Emirates’ prospects of renewing its contract with SriLankan Airlines have run into rough weather as the Sri Lanka government has revoked work and residence permits of the airline’s Chief Executive Officer, Peter Hill.
Hill, a Briton who was appointed SriLankan Airlines’ CEO by Emirates, lost his work permit after he refused to accommodate Sri Lankan President Mahinda Rajapaksa and his entourage of 35 on a London-Colombo flight.
Emirates currently holds a 43.6 per cent stake in SriLankan, the 10-year contract for which expires on March 31, 2008. Discussions have been taking place for the renewal of the contract for more than 18 months.
“This incident is bound to have a bearing on our ongoing negotiations with the Sri Lanka Government with regard to the contract renewal. That is all I am able to say at this point of time,” Tim Clark, Emirates’ President, told Emirates Business.
Clark said in September a final agreement on the contract was to be reached by the end of this year, leaving the size of its stake in SriLankan unchanged. However, according to a SriLankan source, the final round of talks between the two airlines is to take place in January. SriLankan entered into a partnership with Emirates in 1998, with the Sri Lankan government retaining a majority 51 per cent stake.
Hill, however, will retain his position as the CEO of SriLankan until the end of the management contract, according to Clark. “As per the contract terms, Hill remains the CEO of the airline. The government has not asked him to step down as the CEO of SriLankan. It has revoked his work and residence permits,” he stated.
According to Chandana Desilva, SriLankan Airlines’ spokesperson, Hill has been notified he has to leave the country by December 28. “The airline has received a statement from Dhammika Perera, the head of the investment regulatory authority, stating Hill’s residence permit has been terminated,” Desilva told Emirates Business in a telephone interview from Sri Lanka.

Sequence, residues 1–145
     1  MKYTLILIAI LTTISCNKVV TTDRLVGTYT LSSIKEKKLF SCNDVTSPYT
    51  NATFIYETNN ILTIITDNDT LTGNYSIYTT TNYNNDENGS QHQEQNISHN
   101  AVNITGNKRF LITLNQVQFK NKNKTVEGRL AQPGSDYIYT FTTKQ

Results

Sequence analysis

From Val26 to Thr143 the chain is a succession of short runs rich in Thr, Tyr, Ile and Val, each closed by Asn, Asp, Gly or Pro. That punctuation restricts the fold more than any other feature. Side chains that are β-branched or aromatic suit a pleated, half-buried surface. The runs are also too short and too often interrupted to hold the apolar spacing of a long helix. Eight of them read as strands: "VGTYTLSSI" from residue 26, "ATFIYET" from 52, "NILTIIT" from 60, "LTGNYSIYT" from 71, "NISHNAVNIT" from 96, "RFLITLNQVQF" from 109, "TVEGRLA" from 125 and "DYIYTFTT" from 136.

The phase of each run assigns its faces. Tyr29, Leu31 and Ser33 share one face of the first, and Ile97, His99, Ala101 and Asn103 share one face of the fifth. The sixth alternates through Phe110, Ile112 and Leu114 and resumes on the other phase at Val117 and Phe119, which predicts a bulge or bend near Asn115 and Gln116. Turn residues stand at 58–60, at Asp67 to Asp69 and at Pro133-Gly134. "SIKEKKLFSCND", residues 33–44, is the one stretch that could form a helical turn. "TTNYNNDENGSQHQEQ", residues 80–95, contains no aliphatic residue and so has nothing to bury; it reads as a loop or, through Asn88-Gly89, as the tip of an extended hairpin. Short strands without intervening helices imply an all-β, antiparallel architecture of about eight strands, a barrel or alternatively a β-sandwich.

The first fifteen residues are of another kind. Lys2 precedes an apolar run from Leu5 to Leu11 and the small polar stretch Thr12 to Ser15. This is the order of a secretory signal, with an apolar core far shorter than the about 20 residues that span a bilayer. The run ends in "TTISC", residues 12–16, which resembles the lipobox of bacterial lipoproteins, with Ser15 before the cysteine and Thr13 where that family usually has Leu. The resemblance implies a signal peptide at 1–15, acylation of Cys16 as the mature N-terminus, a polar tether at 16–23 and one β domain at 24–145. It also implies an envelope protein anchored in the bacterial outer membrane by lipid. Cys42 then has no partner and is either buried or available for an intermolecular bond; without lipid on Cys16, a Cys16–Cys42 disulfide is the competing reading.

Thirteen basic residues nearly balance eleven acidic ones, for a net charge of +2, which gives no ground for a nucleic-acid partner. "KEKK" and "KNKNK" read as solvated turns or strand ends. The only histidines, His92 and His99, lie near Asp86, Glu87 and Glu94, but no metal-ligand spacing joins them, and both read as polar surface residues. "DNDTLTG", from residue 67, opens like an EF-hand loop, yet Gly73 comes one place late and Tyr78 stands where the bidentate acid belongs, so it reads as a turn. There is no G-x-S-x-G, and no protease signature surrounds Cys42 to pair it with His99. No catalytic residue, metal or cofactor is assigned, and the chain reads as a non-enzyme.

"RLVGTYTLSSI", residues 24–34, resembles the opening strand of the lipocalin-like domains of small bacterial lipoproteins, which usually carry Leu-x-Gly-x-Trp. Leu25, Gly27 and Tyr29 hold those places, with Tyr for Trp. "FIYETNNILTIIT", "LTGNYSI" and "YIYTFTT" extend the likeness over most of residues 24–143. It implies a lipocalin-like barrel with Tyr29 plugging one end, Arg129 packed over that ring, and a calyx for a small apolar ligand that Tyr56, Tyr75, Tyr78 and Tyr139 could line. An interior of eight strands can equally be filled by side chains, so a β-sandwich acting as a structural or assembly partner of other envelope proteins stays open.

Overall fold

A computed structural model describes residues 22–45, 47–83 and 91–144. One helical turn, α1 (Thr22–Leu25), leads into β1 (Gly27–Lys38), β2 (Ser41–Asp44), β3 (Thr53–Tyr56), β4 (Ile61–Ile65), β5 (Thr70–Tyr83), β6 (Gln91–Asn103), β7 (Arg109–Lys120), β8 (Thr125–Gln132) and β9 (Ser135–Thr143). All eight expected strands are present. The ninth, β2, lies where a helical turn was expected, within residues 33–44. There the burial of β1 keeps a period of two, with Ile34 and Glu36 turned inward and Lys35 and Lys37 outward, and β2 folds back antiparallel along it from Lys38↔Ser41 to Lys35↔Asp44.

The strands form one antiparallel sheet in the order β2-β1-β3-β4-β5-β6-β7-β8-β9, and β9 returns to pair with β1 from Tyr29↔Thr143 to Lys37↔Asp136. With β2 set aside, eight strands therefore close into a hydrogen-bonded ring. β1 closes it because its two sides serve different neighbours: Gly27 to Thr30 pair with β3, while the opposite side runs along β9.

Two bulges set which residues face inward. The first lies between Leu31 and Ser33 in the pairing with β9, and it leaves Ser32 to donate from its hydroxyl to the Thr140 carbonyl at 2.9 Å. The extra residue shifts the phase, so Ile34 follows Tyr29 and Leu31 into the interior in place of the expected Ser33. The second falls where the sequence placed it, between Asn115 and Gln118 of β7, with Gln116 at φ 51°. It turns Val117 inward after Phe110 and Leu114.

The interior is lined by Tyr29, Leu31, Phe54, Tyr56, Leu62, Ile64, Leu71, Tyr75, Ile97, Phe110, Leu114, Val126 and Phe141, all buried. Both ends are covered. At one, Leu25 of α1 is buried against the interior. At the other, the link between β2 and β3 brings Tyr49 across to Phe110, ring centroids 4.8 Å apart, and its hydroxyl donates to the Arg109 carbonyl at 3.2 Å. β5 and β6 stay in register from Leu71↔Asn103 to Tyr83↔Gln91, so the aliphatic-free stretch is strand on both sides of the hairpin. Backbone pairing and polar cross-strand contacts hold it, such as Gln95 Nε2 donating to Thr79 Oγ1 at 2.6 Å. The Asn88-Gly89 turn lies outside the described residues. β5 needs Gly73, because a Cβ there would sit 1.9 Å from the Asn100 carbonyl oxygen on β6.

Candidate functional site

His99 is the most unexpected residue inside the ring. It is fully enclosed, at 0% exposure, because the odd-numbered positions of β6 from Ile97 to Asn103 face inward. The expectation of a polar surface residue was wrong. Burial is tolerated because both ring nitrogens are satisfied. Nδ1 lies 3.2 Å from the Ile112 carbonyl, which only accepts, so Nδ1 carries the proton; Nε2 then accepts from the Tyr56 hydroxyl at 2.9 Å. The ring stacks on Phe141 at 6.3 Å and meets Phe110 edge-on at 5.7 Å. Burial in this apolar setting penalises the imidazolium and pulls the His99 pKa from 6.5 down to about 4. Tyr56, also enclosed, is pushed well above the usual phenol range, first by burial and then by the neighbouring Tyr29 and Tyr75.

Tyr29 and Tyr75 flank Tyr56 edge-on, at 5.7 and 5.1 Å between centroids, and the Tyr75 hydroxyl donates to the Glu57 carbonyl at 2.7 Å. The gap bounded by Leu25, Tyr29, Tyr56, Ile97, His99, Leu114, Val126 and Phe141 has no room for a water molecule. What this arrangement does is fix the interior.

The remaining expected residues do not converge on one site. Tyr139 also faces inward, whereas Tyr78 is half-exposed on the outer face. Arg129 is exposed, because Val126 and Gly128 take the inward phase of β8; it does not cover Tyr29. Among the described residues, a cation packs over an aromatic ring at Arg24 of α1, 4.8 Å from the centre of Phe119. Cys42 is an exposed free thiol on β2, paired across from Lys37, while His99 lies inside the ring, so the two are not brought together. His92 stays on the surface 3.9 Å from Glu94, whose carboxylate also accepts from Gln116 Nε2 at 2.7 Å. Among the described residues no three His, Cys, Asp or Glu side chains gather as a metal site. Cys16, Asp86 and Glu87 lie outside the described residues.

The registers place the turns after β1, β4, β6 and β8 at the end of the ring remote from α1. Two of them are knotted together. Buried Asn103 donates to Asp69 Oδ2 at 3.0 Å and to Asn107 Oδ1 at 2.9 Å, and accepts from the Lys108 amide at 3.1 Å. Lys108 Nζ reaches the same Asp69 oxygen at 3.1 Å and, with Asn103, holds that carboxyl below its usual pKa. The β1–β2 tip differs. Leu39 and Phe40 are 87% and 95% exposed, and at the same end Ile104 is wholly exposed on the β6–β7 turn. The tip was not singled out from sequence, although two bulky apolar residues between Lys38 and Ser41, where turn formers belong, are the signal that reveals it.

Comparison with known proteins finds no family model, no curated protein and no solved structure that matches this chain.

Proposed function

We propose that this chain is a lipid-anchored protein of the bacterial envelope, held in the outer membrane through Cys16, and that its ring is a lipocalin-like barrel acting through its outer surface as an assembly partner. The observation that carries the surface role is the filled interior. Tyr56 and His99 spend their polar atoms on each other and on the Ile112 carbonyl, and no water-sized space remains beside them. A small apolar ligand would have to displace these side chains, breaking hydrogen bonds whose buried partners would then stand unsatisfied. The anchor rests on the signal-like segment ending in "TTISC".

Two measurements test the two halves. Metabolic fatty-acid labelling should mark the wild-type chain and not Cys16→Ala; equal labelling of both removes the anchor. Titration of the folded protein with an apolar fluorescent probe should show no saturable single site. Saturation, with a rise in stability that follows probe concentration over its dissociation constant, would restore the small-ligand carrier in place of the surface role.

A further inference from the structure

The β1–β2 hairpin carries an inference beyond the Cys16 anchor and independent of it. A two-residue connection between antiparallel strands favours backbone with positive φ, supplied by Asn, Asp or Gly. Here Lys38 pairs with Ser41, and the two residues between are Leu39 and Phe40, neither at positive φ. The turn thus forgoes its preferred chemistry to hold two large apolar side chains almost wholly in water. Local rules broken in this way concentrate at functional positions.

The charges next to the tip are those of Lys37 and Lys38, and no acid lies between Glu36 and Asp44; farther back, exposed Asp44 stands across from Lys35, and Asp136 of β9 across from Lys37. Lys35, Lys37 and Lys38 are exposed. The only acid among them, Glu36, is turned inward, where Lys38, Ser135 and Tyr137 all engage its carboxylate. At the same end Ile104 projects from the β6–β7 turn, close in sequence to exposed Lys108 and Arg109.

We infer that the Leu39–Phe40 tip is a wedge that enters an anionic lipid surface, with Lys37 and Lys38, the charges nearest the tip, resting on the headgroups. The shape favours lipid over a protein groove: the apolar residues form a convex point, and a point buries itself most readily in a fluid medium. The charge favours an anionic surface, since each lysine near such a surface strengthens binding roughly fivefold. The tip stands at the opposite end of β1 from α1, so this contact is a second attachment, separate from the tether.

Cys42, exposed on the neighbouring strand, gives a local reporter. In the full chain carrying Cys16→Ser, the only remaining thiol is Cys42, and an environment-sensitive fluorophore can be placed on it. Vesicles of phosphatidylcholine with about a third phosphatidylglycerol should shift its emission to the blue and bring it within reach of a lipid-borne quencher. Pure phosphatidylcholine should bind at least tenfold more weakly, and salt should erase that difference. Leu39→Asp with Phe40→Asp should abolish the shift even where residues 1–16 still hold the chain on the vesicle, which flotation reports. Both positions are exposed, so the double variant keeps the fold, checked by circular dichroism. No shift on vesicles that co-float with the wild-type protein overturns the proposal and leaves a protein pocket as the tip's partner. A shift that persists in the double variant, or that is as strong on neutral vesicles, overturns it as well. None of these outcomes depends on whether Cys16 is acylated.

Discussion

Meanwhile, the tension over contract renewal can be felt from the other side as well. “This occurrence will have an impact on the talks between the airlines. However, it is up to SriLankan’s shareholders to take the next step,” said Desilva, adding that the airline would want the contract to go on. “Emirates is the best partner that SriLankan has,” he said.
Clark, meanwhile, said in September Emirates expects to renew its contract to manage flag-carrier SriLankan Airlines for at least another five years and aims to double its fleet to 30. “It has not been an easy operation. The new contract could be for five years, extendable for another five,” he had said.
Analysts are divided on their views on contract renewal. “Emirates should walk away from the deal it has with SriLankan Airlines. Sri Lanka is a mess – as a region as well as everything else,” said Addison Schonland, a California-based aviation analyst with Innovation Analysis Group.
Other aviation experts say ending the partnership will be a nuisance for both the carriers. The Sri Lanka government has said in the past it wants a bigger role in managing the carrier as the existing contract is financially tilted in favour of Emirates.
‘Selling shares an option’
Emirates is proposing to sell shares of SriLankan Airlines to the public as it aims to renew a management contract with the South Asian island’s largest carrier, according to Emirates’ President Tim Clark.
“Selling shares is an option. In fact, all options would be open to us from April 1, 2008, when our contract is up for renewal with SriLankan. We will keep the profitability factor in mind,” Clark told Emirates Business.
Emirates owns 43.6 per cent of SriLankan.
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